Director: Andrey Zvyagintsev
Year of release: 2018
Running time: 2 hours 7 minutes
Andrey Zvyagintsev's elegantly downbeat Loveless is a drama about emotional disconnection, charting the story of a 12-year-old boy, Alexey (Matvey Novikov), who goes missing not long after his parents, Zhenya (Maryana Spivak) and Boris (Aleksey Rosin), fight bitterly about who will have custody. What follows is a dissection of self-entitled people existing inside an emotional and psychological vacuum; mirroring the hollow spiritual state of modern day Russia.
Like his previous film, Leviathan, Zvyagintsev uses silence and symmetrical imagery in order compliment his interest in familial disintegration. Zhenya and Boris are truly unfit parents, and their newfound relationships--Boris with a younger pregnant woman who represents very little challenge, Zhenya with an older wealthy businessman--begin to crack under the pressure as the search for their missing child intensifies. Though Loveless often feels like a mystery procedural, with Alexey's absence haunting nearly every frame, what exactly happened to the child is not chiefly Zvyaginsev's concern. Instead, the loss of humanism; strongly inferred by the chaos erupting throughout Ukraine circa 2012, is used as a counterpoint to the bitter vanity of the parents.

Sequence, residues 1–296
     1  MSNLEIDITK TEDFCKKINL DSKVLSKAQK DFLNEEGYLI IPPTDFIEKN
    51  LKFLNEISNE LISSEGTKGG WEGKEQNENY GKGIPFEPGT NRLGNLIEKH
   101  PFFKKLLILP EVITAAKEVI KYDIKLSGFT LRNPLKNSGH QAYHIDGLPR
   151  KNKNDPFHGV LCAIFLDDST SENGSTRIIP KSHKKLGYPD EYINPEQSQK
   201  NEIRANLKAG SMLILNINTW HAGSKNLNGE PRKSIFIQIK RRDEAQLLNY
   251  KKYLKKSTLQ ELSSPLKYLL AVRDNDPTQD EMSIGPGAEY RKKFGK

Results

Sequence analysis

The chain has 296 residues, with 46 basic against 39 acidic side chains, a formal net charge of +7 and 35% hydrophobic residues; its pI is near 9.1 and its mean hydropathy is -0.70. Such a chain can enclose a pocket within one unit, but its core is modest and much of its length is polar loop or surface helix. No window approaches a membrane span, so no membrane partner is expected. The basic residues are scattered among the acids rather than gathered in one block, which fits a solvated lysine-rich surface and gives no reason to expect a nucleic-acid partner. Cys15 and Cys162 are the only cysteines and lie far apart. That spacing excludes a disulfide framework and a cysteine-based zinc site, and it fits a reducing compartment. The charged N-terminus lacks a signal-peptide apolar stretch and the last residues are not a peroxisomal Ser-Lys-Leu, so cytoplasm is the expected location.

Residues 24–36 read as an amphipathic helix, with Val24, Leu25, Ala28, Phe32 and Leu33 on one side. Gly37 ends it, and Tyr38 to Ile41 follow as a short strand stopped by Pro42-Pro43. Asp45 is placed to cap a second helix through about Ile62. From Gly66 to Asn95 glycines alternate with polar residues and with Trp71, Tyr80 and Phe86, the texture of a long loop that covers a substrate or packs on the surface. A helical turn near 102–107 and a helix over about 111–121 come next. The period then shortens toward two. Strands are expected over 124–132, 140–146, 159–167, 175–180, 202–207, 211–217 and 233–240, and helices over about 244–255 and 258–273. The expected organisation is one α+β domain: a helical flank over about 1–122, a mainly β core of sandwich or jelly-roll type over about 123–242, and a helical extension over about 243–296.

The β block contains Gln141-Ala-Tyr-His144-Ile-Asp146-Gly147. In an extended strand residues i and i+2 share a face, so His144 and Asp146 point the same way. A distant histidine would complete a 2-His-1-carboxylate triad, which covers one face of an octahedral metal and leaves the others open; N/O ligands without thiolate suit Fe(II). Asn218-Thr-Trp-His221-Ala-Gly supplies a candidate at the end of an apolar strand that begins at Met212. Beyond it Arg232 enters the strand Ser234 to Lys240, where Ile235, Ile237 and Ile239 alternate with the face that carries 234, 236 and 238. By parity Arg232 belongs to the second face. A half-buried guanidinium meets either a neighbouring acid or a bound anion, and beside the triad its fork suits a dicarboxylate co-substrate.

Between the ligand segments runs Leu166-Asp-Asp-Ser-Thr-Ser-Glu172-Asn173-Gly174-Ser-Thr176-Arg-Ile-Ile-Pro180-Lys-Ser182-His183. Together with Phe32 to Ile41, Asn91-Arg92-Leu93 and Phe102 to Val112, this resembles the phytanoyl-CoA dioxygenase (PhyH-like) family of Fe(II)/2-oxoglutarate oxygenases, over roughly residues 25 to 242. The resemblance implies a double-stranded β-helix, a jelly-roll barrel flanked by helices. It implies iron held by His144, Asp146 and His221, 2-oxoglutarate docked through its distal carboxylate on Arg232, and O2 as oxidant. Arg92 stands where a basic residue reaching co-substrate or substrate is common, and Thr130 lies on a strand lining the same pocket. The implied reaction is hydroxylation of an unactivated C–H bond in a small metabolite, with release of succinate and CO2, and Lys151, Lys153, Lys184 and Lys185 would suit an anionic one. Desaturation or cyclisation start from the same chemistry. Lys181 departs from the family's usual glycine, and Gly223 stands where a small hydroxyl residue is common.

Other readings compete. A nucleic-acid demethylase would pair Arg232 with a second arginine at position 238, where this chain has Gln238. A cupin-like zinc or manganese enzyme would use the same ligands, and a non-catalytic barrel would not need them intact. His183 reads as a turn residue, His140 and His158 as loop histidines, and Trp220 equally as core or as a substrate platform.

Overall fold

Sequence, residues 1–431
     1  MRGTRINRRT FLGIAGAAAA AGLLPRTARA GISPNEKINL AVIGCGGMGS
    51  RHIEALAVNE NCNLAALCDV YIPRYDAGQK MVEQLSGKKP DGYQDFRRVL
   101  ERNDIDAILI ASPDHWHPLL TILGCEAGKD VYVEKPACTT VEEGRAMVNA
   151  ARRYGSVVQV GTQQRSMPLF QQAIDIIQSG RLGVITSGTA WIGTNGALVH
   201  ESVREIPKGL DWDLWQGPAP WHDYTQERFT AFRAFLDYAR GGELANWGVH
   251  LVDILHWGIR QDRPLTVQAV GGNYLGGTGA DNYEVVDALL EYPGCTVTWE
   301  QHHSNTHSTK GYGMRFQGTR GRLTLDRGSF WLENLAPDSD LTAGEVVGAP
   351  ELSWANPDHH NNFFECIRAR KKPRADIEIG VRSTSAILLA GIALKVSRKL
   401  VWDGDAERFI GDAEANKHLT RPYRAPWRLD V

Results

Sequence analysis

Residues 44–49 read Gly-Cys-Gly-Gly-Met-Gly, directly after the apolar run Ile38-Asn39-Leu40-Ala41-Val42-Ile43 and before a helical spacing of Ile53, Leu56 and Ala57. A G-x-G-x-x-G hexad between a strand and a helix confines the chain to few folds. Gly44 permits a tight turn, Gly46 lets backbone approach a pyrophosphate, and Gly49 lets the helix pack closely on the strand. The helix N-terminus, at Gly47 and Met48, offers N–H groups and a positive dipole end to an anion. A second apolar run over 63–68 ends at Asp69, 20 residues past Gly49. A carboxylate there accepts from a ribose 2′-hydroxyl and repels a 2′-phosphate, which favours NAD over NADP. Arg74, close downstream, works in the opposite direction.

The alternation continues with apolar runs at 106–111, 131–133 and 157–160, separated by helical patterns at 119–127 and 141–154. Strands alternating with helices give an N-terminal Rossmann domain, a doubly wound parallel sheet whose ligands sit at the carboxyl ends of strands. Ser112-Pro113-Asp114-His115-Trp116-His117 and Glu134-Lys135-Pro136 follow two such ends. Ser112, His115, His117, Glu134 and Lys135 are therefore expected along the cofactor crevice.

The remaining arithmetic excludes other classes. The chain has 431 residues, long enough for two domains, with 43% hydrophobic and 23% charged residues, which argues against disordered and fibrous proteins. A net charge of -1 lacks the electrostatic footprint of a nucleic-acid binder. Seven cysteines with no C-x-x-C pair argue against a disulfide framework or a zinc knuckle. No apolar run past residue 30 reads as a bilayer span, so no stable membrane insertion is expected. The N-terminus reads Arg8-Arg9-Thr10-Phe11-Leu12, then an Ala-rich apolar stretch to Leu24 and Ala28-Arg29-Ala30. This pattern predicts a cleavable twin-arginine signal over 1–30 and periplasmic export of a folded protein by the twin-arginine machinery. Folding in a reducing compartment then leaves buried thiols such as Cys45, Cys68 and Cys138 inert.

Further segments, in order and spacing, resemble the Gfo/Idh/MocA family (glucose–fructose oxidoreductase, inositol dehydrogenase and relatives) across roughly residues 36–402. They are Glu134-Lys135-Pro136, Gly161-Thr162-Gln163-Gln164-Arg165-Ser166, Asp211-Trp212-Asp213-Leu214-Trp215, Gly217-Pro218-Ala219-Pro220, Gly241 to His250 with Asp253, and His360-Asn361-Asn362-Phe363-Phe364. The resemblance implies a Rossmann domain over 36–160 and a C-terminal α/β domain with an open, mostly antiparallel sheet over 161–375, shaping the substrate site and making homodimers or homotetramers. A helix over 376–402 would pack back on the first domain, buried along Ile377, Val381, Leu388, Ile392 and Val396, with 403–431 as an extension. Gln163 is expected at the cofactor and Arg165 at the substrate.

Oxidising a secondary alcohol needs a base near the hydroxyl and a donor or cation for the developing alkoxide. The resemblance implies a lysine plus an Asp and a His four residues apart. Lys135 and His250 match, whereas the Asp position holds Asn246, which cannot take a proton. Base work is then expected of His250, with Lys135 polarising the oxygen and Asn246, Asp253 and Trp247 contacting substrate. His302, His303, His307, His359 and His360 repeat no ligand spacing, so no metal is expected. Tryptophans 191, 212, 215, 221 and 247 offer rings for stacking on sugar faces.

Loveless is acutely aware of the emotional vacancy that comes from slowly desensitizing an entire population, using an apocalyptic tale of a failed marriage to express the absence of genuine love in a harshly unforgiving society. The innocent child who wanders aimlessly through the tangled woods needs love in order to survive, and Zvyaginesv seems to be arguing that his parents are incapable of this since Russia is incapable of providing a construct for such love. However, even that reading makes Loveless sound like a reductive allegory. This is a film which maintains a consistent aura of enigmatic power; leading us slowly, though gradually, towards a bleak kind of poetry, and maybe even hope.